“That means that PDP remains the majority party; how would he refer to me as deputy minority leader?”
Before the  row,   a mild drama  had earlier happened on the  floor when  two APC members from Adamawa State defected to the PDP.
The two are  Mr. Francis Haske-Hannaniya and Mr. Ganama Titsi.
But  the APC also  gained two members when Emmanuel Jime (Benue State) and Mr. Yaya Kwambe (Plateau State) dumped the PDP.
Findings  by The PUNCH  showed that Gbajabiamila was under pressure from  other APC  lawmakers in the House  to  “devise an ingenious way” to pass  a clear  message to the PDP members  that the APC was now in the majority.
A source close to the APC lawmakers said, “The issue(leadership change) was discussed elaborately and views expressed at meetings suggested that the court order should be obeyed.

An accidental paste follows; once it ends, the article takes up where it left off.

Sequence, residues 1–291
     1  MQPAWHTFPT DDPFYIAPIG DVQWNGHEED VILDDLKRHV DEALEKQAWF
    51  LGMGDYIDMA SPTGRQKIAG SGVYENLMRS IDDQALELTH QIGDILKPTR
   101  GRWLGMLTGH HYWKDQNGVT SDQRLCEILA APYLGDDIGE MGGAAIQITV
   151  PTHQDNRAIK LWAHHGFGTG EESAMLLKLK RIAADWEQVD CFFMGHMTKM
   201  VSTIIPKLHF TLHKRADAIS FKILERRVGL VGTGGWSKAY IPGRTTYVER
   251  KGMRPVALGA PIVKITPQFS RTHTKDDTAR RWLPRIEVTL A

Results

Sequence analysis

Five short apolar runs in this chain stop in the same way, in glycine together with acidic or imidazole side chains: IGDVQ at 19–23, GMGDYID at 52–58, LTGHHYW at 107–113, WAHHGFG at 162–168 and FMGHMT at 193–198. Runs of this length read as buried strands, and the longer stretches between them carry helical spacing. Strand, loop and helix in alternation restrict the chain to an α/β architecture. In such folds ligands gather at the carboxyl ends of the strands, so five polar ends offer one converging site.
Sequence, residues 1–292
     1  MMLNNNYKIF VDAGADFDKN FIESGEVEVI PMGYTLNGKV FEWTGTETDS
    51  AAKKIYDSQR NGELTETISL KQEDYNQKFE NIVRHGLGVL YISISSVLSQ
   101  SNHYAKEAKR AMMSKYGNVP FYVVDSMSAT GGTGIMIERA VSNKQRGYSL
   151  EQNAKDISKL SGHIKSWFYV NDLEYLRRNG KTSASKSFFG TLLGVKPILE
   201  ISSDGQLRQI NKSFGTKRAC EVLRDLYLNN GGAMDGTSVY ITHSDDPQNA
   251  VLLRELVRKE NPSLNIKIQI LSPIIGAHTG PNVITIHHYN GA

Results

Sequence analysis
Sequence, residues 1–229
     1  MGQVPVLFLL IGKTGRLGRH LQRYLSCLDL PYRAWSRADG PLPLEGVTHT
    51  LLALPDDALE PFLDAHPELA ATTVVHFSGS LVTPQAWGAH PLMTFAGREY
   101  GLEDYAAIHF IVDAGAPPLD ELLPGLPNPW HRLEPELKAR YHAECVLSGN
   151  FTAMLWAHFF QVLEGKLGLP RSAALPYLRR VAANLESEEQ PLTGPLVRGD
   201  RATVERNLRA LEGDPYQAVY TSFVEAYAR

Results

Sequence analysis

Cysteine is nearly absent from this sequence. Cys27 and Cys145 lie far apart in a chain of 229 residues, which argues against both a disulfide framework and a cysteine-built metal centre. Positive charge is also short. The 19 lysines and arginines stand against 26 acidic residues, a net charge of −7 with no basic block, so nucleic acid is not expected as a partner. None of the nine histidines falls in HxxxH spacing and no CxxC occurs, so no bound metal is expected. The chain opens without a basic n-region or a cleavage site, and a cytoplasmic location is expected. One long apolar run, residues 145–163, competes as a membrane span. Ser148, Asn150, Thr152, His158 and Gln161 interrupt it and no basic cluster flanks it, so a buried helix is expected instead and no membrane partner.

“However, there were many members, who wanted the APC to pass a message at least.”
It was gathered that at an  APC caucus meeting   on Monday  , Gbajabiamila  tried to counsel his colleagues  on the need   to abide by the order until it was vacated.
“But, while saying this, some members started walking out on him. He was accused of playing a game with  Speaker   Tambuwal  to buy more time for the PDP,”  another source said.
Some members of the caucus were said to have reported  Gbajabiamila and others  to the national leadership of the APC.
The source added, “With the pressure mounted on him, Gbajabiamila had little option but to find a way to do what he did on Tuesday.
“He effectively complied with the wish of members to pass some message while complying with the court order.
“You could see that they were hailing him when he addressed Ogor as deputy minority leader.”